The Bin Laden compound is still standing. But after those few days, in which it was nothing less than a tourist attraction, it remains sealed off.
However, to this day many Pakistanis still say they do not believe he was ever there or that he was killed.
It could be one explanation for why there was surprisingly little public soul-searching in Pakistan about what led to the al-Qaeda leader's presence in Abbottabad.
Instead, furious debate has surrounded the American raid and how it was carried out without Pakistani permission.
Islamabad and Washington appeared to have just about brought their relationship back from the brink when tensions suddenly sky-rocketed again in September.
There was a truck bombing in the Afghan capital, Kabul, followed a few days later by a prolonged attack on the US embassy there.
The Haqqani wing of the Taliban said they were responsible. America's most senior military officer, Adm Mike Mullen, unequivocally blamed Pakistan.
"The Haqqani Network... acts as a veritable arm of Pakistan's Inter-Services Intelligence (ISI) agency," the chairman of the Joint Chiefs of Staff told a US Senate panel, days before leaving office.
"With ISI support, Haqqani operatives planned and conducted that truck bomb attack, as well as the assault on our embassy."
His open accusations of the "double game" being played by the Pakistanis stunned the establishment here.
"On one hand there has been the infiltration of religious right-wing thought into the Pakistani ranks," Professor Hoodbhoy.
"On the other hand there has been a pragmatism within the army, which says we cannot afford to break ties with the Americans, hence this duplicity."
"For years Pakistan has run with the hares and hunted with the hounds. But that's no longer possible."
2011 ended with another serious blow to relations. 24 Pakistani soldiers were killed in a Nato bombing raid on a border post.
It led to Pakistan blocking supply routes to coalition forces in Afghanistan and to Pakistan's boycott of the Bonn conference on the future of Afghanistan.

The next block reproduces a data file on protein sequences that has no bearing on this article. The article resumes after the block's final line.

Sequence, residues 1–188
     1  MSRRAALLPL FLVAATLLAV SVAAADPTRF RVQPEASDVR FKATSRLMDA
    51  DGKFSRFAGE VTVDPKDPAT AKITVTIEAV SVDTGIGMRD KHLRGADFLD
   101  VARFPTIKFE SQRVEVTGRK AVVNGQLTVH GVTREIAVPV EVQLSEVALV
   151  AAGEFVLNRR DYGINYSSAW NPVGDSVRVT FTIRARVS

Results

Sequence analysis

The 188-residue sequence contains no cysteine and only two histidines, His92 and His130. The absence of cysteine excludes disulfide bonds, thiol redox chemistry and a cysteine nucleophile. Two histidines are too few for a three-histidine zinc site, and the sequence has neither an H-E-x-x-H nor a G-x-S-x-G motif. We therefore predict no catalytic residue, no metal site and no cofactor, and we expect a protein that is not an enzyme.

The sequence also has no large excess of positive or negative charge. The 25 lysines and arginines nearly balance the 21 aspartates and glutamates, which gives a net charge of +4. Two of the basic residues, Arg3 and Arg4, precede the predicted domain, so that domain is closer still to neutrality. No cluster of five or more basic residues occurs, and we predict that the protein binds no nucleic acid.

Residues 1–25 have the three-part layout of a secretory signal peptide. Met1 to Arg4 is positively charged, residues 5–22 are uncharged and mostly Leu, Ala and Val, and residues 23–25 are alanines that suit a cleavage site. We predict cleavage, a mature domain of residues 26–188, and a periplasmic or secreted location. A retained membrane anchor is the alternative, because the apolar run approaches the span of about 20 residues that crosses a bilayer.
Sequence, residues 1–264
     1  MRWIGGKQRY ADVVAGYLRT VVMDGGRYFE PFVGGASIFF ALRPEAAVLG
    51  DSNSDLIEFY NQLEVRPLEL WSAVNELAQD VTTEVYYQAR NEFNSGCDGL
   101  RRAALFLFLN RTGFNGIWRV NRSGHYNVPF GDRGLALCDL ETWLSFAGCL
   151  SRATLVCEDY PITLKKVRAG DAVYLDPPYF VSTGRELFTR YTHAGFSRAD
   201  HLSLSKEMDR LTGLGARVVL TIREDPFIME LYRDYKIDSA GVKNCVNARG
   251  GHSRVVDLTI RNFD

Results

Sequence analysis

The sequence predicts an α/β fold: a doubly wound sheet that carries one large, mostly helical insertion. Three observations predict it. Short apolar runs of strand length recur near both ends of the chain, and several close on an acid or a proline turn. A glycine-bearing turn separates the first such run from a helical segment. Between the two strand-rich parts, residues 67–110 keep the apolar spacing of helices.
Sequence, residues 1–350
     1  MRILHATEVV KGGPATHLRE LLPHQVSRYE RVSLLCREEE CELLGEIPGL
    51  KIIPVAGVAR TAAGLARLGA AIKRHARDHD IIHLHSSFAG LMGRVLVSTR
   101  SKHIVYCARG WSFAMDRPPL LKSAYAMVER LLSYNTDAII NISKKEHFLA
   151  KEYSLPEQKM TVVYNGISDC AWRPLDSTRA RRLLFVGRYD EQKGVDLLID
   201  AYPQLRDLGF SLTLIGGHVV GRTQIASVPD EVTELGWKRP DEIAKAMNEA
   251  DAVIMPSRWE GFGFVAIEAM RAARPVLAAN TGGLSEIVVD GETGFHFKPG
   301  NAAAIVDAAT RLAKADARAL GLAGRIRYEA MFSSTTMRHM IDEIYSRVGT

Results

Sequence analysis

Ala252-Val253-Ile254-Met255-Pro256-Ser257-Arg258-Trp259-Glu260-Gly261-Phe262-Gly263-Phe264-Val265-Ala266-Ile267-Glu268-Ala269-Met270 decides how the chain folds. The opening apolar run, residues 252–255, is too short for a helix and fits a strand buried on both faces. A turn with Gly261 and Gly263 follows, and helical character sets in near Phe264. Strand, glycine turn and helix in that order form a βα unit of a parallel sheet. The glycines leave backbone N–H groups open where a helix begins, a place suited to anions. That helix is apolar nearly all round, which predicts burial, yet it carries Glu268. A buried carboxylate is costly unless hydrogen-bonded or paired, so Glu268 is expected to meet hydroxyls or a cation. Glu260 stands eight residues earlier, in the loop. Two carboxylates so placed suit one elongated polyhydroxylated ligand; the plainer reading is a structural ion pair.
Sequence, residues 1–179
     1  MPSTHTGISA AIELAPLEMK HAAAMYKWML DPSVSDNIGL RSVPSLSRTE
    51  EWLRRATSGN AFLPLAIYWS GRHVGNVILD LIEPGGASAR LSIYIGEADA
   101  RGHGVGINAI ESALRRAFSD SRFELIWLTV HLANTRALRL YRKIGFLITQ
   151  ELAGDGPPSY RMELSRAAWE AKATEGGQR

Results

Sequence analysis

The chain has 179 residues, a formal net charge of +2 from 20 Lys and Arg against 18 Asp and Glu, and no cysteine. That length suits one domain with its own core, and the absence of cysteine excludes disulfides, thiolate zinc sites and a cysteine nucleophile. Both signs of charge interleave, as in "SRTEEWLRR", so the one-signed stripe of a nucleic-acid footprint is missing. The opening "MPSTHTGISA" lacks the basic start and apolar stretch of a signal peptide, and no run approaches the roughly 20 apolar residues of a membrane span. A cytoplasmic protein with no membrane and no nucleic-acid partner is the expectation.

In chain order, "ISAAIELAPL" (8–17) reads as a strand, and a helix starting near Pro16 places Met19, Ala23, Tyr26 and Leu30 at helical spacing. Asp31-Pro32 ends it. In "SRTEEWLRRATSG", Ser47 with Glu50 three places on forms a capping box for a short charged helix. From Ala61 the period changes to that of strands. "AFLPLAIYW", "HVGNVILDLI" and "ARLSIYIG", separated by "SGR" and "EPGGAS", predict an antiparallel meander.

Washington has talked of "regret" but has yet to offer an apology, to the anger of many here. It has, however, acknowledged that there were mistakes made by Nato troops.
"The Pakistani public will not be satisfied unless heads roll over this," says the Institute of Strategic Studies' Simbal Khan.
"What comes across from this incident is the lack of trust that has been bedevilling this relationship.
"Both sides are unhappy with the downward spiral and there is no option but to redraw the lines of engagement."
Professor Hoodbhoy thinks things have gone beyond the point where that is possible. "The US has made huge misjudgements during 2011," he says.
"And while the Pakistani military leadership doesn't want a rupture with United States because of our huge economic dependence on them, there is the pressure within the ranks.
"They have seen Pakistan humiliated in the Nato attack, humiliated at the time of OBL and at the time of Raymond Davis."
"The generals see the rising Islamic radicalism creeping within the ranks and they know if they don't stand up to the Americans, they have no future," says Professor Hoodbhoy.
"I think relations between Pakistan and US have deteriorated to a point where I think the break is not too far away."